REFLECTIONS ON THE PHILIPPINE LEFT by Roland G. Simbulan
2008 U.P. Centennial Professorial Chair Awardee University of the Philippines
(Book Review of Raul E. Segovia’s Inside the Mass Movement . Manila: Anvil, 2008.
Read during the booklaunching at the Bantayog ng mga Bayani, Aug. 23, 2008)
Raul Segovia has written a frank and concise narrative of his personal experiences and insights in the Philippine mass movement in his book,
INSIDE THE MASS MOVEMENT: A Political Memoir.
It spans decades of organizational, political and cultural work in which he comes not as a mere observer, but fortunately as an active advocate, leader and participant. He knows this movement so intimately that he also considers it as his life’s history for the past 50 years. But this does not diminish the book’s critical lenses. Thus, true to form, the author locates the mass movement in the trajectory of the Filipino people’s struggle for democracy, sovereignty and social justice.
This new book explores why Philippine social movements–now ideologically in their plural form –have been organized, grown, risen and declined and like the proverbial Phoenix, have risen again. He investigates in the form of a personal political memoir, the fortunes as well as misfortunes of the Philippine Left’s mass movements. The dilemmas, contradictions and vulnerabilities of social movements are included. He analyzes everything from the movement’s tactics, to its contradictions, dilemmas and internal dynamics–above ground (AG) and underground (UG).
This may be awkward to ask: How do successful political transitions affect the mobilization of popular forces? Do they necessarily weaken mass movements and make them vulnerable as more openings for democratic space are made available to people’s empowerment, or do they make them more vigorous and strong to explore the new political arenas? Do mass movements fare better in a neoliberal political system compared to an authoritarian dictatorship?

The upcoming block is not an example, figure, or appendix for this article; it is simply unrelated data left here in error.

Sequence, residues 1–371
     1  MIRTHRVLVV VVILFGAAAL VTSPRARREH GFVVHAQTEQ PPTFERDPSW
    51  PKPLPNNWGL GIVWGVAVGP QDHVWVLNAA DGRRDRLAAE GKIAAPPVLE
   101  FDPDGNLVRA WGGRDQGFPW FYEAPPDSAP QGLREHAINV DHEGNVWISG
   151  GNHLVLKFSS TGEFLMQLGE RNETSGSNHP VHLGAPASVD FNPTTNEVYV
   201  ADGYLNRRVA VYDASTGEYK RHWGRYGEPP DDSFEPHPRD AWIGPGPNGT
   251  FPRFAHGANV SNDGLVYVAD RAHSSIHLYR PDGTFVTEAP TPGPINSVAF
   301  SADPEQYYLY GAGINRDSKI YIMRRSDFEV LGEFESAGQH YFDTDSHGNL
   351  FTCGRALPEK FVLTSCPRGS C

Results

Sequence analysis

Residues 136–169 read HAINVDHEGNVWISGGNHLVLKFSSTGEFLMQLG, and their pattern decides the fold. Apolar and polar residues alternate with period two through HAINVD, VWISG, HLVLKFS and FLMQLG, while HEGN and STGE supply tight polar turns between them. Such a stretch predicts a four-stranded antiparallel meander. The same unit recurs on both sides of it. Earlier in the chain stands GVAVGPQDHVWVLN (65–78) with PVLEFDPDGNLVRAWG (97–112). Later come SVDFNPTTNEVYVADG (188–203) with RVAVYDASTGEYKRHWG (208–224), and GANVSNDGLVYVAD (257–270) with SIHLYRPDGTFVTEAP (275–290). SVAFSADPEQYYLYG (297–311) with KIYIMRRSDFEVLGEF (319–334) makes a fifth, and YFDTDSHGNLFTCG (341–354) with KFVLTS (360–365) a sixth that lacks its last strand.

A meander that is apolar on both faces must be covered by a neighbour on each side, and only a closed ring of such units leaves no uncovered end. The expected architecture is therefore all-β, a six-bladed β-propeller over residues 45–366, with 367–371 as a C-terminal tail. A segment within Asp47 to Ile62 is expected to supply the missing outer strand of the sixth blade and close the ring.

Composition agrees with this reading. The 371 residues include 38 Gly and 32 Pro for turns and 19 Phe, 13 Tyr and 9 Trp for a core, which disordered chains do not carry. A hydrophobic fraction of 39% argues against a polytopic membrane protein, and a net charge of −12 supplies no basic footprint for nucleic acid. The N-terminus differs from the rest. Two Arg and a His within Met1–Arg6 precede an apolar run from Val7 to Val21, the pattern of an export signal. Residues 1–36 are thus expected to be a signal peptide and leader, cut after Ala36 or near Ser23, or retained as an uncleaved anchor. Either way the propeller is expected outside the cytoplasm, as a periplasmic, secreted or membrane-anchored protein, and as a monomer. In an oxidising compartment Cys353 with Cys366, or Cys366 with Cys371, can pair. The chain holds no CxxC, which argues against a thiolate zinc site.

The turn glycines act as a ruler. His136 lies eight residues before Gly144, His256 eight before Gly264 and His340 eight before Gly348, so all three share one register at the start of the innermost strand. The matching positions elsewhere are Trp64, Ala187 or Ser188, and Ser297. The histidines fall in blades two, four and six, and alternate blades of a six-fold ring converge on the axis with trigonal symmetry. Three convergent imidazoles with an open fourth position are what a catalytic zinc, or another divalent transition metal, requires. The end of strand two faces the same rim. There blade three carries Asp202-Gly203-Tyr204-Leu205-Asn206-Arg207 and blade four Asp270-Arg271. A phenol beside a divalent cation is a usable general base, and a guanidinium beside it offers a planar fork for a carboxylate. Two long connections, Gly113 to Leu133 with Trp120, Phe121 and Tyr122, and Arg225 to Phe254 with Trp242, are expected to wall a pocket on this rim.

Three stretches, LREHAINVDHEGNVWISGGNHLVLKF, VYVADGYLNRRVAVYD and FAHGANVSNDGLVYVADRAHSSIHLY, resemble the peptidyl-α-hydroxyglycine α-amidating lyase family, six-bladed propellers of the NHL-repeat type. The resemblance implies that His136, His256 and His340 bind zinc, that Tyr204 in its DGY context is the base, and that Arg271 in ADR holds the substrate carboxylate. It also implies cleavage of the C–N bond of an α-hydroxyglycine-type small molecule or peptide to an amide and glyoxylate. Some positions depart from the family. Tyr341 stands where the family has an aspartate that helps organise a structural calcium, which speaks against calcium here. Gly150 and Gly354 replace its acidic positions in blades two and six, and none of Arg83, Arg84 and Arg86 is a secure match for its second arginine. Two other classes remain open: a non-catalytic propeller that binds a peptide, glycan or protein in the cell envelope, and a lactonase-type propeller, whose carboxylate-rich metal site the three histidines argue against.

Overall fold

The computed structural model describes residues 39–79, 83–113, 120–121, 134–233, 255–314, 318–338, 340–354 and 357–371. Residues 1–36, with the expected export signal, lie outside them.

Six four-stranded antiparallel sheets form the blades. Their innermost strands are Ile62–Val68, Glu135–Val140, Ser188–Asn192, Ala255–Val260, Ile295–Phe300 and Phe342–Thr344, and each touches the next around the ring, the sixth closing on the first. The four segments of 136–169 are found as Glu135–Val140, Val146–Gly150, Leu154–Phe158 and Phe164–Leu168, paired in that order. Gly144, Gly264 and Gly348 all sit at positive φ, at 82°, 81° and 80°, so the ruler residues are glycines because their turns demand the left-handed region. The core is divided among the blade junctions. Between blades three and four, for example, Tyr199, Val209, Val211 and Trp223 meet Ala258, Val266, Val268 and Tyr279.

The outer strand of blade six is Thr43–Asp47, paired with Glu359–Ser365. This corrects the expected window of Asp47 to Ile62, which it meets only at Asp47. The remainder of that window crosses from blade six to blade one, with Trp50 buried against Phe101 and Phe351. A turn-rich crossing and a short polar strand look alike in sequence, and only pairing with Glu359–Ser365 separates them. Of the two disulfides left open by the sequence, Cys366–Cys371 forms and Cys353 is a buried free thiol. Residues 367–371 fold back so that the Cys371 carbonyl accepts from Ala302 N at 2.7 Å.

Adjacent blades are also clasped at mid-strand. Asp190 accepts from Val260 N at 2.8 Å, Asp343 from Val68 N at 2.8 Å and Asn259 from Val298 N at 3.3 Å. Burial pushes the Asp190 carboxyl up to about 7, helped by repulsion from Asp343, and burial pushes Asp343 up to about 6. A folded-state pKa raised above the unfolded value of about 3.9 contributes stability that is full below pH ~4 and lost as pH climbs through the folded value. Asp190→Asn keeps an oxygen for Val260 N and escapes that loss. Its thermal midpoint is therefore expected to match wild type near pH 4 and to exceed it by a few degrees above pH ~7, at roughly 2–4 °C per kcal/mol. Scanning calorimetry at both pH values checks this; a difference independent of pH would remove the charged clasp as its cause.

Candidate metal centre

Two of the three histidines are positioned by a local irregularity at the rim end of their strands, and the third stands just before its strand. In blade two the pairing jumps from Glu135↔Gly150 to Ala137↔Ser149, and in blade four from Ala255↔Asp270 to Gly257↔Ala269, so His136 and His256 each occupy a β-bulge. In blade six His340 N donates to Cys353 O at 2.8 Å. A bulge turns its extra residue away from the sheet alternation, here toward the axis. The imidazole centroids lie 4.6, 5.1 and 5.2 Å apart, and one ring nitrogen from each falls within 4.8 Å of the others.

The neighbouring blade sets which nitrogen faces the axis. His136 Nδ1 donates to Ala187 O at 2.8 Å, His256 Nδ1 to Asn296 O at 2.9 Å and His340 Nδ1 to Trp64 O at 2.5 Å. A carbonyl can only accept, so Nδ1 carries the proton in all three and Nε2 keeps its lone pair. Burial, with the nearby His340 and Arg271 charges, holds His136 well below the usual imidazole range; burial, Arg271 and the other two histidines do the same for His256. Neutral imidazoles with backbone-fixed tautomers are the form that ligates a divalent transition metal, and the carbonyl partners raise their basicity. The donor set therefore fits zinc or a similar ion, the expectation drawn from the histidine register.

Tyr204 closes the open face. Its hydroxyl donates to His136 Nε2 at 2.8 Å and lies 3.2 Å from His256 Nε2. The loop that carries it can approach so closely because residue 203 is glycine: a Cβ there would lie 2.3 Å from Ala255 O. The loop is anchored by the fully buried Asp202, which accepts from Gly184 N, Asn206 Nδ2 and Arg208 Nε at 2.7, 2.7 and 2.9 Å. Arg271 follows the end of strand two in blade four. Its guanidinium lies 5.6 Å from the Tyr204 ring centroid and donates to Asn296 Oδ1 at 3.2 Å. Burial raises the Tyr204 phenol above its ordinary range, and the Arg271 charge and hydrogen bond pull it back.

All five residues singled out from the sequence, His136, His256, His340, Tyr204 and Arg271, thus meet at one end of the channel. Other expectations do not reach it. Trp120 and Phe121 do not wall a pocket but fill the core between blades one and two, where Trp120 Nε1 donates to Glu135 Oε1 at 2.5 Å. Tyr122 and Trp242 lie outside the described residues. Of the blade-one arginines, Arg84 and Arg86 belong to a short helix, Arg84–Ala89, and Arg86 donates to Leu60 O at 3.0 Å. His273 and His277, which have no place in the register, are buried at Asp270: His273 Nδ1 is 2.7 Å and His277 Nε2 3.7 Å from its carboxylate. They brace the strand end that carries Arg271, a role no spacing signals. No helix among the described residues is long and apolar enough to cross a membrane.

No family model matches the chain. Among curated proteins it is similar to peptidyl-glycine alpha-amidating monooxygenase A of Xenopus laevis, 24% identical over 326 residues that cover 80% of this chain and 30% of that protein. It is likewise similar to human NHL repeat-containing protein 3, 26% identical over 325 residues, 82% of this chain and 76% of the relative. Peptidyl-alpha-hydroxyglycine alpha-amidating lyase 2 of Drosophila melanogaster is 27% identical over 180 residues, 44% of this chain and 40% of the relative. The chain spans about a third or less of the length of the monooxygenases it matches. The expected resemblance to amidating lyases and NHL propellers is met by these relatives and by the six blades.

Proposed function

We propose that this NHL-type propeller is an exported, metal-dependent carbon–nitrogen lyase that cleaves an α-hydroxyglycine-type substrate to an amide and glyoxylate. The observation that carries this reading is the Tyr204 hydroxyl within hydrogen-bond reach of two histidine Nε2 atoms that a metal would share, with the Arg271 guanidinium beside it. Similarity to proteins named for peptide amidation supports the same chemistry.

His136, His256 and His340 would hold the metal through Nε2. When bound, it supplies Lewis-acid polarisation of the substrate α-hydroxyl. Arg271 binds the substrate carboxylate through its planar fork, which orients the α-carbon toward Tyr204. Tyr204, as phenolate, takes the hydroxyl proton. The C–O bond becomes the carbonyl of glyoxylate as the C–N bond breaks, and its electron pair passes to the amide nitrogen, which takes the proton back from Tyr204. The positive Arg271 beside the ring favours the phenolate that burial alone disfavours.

In Nepal just a few years ago, it was unthinkable that the leader of the decades-long Maoist armed insurgency, Pushpa Kamal Dahal– with the nom de guerre Prachanda (“the fierce one”)–would now be elected democratically as prime minister of this upland nation of 27 million people.
Meanwhile, in Latin America, social movements in Venezuela, Brazil, Uruguay, Argentina, Chile, Bolivia, Nicaragua, and Ecuador have succeeded in electing nine anti-free market leftists as Presidents, the recent one being a former Catholic bishop, Fernando Lugo of Paraguay.
To what extent can Philippine social movements maximize constitutional provisions—hard-won space by popular struggles—which have institutionalized people’s participation in governance? Let me refer to pertinent provisions of the 1987 Constitution to wit: 1. “The State shall respect the role of independent people’s organizations to enable the people to pursue and protect, within the democratic framework, their legitimate and collective interests and aspirations through peaceful and lawful means. People’s organizations are bona fide associations of citizens with demonstrated capacity to promote the public interest and with identifiable leadership, membership and structure.” (Sec. 15, Art. XIII: Social Justice and Human Rights – The Role and Rights of People’s Organizations, 1987 Constitution)
2. ” The right of the people and their organizations to effective and reasonable participation at all levels of social, political and economic decision-making shall not be abridged. The State shall, by law, facilitate the establishment of adequate consultation mechanisms.” (Sec. 16, Art. XIII).
3. ” The State shall encourage non-governmental, community-based, or sectoral organizations that promote the welfare of the nation.” (State Policies, Art. II, 1987 Constitution).
Can social movements completely put their trust in written guarantees that are effectively shattered by disappearances and extra-judicial killings by state security forces?
Segovia’s take in the book’s penultimate chapter is refreshing. He punctures ludicrous claims that Philippine social movements are declining, but presents them as dynamic and resilient. Even recent writings of intellectual counter-insurgents who have in the past repeatedly forecast the dissolution of the Philippine Left, cannot explain the rise, decline and rise again of the social movements in the Philippines. Having survived various OPLANs from the time of the Marcos dictatorship, vigilantes, DPAs and Kahos, Bantay Laya I and II, and more than a thousand extra-judicial killings and desaperacidos (involuntary disappearances), the Philippine social movement has not only survived, but has grown, reminding us of Nietzsche’s words, ” What doesn’t kill you makes you stronger.”